Monday, June 23, 2008

WaiWai Is Bye-Bye

Going through the news, I noticed that, as of yesterday, Mainichi Daily News has discontinued its controversial corner, WaiWai. WaiWai was a section, headed by Aussie Ryann Connell, in which various articles from tabloid rags were translated into English and published for humor's sake. Apparently, MDN folded under pressure from complaints that content in this corner was "too vulgar"; some recent article headlines have included titles such as "Give me pubic hair, or give me death!", "Sick skating sensei sullies student, leaves wife to handle the heat", and "Suicidal porn princess with a fetish for funny men chooses gassing over flaming'". There were also those who questioned whether a respectable news source should be dealing tabloid stories to begin with. MDN has said that they will retool the corner with different and, in a likelihood, more "acceptable" content.

Ultimately, I have mixed feelings about WaiWai's disappearance. On the one hand, it was an interesting (and often hilarious) view into a part of Japanese society that would otherwise be ignored. Tabloids are one of those things that we laugh at, but we have to remember that they make a lot of money so some reader must be taking them seriously. With that in mind, it's interesting to note what sorts of stories are used to keep these reader's attention. One thing that sort of relieves, however, is that we really do not need yet another avenue that only focuses on and laughs at the freakish elements of Japan. It's bugged me for a long time that it has sometimes become hard to talk about Japan without the mention of some fringe element about Japan is. Want to talk about movies? Miike. Anime? Tentacle rape. Tokyo? Soaplands. Food? Raw fish. Now, these are all valid subtopics to bring up but they're sometimes done so with so much derision that it's almost not worth coming up with any sort of explanation. "Err, yes, Japanese eat raw fish but, you know, raw oysters are..oh never mind."

The funny thing is that these images of Japan sometimes give people an extremely false impression of the country. When I was talking to someone about the country recently he marvelled that Japan must be this wild place where everyone has spiky hair and leather bondage clothes and eats sushi everyday when actually the opposite is the case, Japan is a pretty conservative place that has a lot of traditions that guide and govern everyday life. Nothing controversial about that, though, I'm afraid.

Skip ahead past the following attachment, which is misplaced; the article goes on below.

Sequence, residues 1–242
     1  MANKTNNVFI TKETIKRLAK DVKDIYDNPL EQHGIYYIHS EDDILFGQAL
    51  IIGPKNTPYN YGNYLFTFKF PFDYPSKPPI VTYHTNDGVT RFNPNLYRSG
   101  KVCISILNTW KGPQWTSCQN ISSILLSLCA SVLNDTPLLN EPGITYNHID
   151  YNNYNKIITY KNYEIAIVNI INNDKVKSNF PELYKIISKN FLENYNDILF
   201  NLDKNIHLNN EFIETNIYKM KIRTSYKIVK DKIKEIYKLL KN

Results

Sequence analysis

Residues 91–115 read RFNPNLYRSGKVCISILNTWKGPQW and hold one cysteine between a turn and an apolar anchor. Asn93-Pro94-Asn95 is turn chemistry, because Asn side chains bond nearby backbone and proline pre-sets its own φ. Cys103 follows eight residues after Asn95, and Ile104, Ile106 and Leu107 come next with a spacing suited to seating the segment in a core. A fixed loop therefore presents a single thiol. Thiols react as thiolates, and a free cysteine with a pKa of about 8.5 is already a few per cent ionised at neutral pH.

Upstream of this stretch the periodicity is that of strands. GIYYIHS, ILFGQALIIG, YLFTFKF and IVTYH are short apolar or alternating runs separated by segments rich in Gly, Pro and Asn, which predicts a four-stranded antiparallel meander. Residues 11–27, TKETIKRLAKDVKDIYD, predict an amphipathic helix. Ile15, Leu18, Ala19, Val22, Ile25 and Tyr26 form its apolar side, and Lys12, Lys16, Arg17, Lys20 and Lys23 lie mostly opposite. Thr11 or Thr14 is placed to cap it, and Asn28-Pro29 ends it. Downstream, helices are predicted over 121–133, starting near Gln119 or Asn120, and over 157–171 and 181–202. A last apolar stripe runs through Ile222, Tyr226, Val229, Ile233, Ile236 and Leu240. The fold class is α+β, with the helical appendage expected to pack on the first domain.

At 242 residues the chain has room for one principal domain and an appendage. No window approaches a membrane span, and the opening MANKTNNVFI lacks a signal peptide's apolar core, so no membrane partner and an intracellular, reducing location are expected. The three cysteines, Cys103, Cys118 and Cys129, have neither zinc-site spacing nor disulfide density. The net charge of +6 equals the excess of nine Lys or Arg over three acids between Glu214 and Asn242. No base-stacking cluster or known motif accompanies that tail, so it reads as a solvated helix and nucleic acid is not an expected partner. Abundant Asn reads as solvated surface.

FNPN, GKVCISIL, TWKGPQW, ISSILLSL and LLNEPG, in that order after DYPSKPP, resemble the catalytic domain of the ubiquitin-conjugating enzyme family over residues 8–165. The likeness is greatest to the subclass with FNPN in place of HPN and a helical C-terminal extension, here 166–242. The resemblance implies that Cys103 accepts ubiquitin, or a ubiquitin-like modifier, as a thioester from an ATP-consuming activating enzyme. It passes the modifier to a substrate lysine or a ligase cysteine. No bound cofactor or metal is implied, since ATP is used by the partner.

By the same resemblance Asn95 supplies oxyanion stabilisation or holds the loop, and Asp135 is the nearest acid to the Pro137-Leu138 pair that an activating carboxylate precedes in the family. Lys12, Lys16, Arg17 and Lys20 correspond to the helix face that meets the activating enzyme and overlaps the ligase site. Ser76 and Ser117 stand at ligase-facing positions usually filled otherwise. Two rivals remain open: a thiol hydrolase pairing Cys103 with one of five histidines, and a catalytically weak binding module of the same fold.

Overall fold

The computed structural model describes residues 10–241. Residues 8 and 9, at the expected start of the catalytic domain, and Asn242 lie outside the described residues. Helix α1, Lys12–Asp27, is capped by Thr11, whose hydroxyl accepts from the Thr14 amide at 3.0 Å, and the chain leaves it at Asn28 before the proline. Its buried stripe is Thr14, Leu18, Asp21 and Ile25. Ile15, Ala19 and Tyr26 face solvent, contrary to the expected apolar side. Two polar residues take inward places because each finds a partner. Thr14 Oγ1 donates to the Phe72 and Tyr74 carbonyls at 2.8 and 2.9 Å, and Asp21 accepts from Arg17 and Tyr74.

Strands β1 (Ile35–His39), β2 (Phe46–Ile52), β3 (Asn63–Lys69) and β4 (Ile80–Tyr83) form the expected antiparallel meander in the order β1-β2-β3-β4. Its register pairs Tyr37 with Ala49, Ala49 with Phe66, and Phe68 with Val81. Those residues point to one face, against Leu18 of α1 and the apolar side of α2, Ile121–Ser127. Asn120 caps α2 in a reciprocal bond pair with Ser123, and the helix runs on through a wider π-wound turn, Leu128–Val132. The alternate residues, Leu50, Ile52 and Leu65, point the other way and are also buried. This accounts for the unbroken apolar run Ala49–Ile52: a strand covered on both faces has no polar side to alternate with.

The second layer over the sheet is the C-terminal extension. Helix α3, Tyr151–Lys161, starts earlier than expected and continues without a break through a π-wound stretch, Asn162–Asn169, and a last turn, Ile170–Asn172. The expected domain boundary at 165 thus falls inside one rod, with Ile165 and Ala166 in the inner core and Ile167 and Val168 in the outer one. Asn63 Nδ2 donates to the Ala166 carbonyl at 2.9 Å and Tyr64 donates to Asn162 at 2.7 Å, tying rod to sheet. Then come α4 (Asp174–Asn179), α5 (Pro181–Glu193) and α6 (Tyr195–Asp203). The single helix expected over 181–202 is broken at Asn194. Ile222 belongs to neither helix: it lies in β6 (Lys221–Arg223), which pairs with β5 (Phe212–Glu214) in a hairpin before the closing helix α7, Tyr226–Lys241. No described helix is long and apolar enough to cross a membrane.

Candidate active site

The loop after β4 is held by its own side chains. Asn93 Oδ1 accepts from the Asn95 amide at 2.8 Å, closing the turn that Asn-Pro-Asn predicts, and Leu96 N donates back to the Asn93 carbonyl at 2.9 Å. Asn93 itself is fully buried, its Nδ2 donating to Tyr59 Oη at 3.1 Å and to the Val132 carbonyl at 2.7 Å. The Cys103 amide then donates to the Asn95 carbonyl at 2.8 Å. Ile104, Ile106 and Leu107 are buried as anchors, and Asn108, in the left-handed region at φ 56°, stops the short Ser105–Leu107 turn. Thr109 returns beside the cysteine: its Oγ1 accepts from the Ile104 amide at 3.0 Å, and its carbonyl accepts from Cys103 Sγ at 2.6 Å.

Wednesday, June 11, 2008

Review: Viva Chiba Edition

The Bodyguard (1973/1976)

Director: Ryuichi Takamori/Simon Nuchtern

The Bodyguard starts off with a humorously modified version of the biblical passage Ezekiel 25:17, now famously lifted used by Quentin Tarantino in Pulp Fiction (OK, everyone now...."The path of the righteous man is beset on all sides by the inequities...blahblahblah"). Unfortunately, the movie which follows this opening is anything less than biblical, unless you're talking about the snoozy Leviticus. The Bodyguard starts promising enough: a mafia boss and henchmen are gunned down by a number of "unknown assailants" (forget that this happened in broad daylight in front of a church in New York City), we then get a martial arts demo that was obviously tacked on by U.S. director Nuchtern for some context. Next, cut to an airplane hijacking, an attempt to flush out Sonny Chiba in a crowd of passengers. This, of course, ends in all of the criminals getting the crap kicked out of them and the audience getting Chiba's hammy fist shaking in its face. Finally, the press conference in which the best line of the movie is spoken:

Interviewer: "You killed five mobsters with your bare hands. It took great courage. Why did you do it?"

Chiba: Because I had to.

Isn't that just bad ass? Everyone should be able to use that line for an incident in their lives and get an immediate pardon. God knows the last few U.S. presidents could have used that power.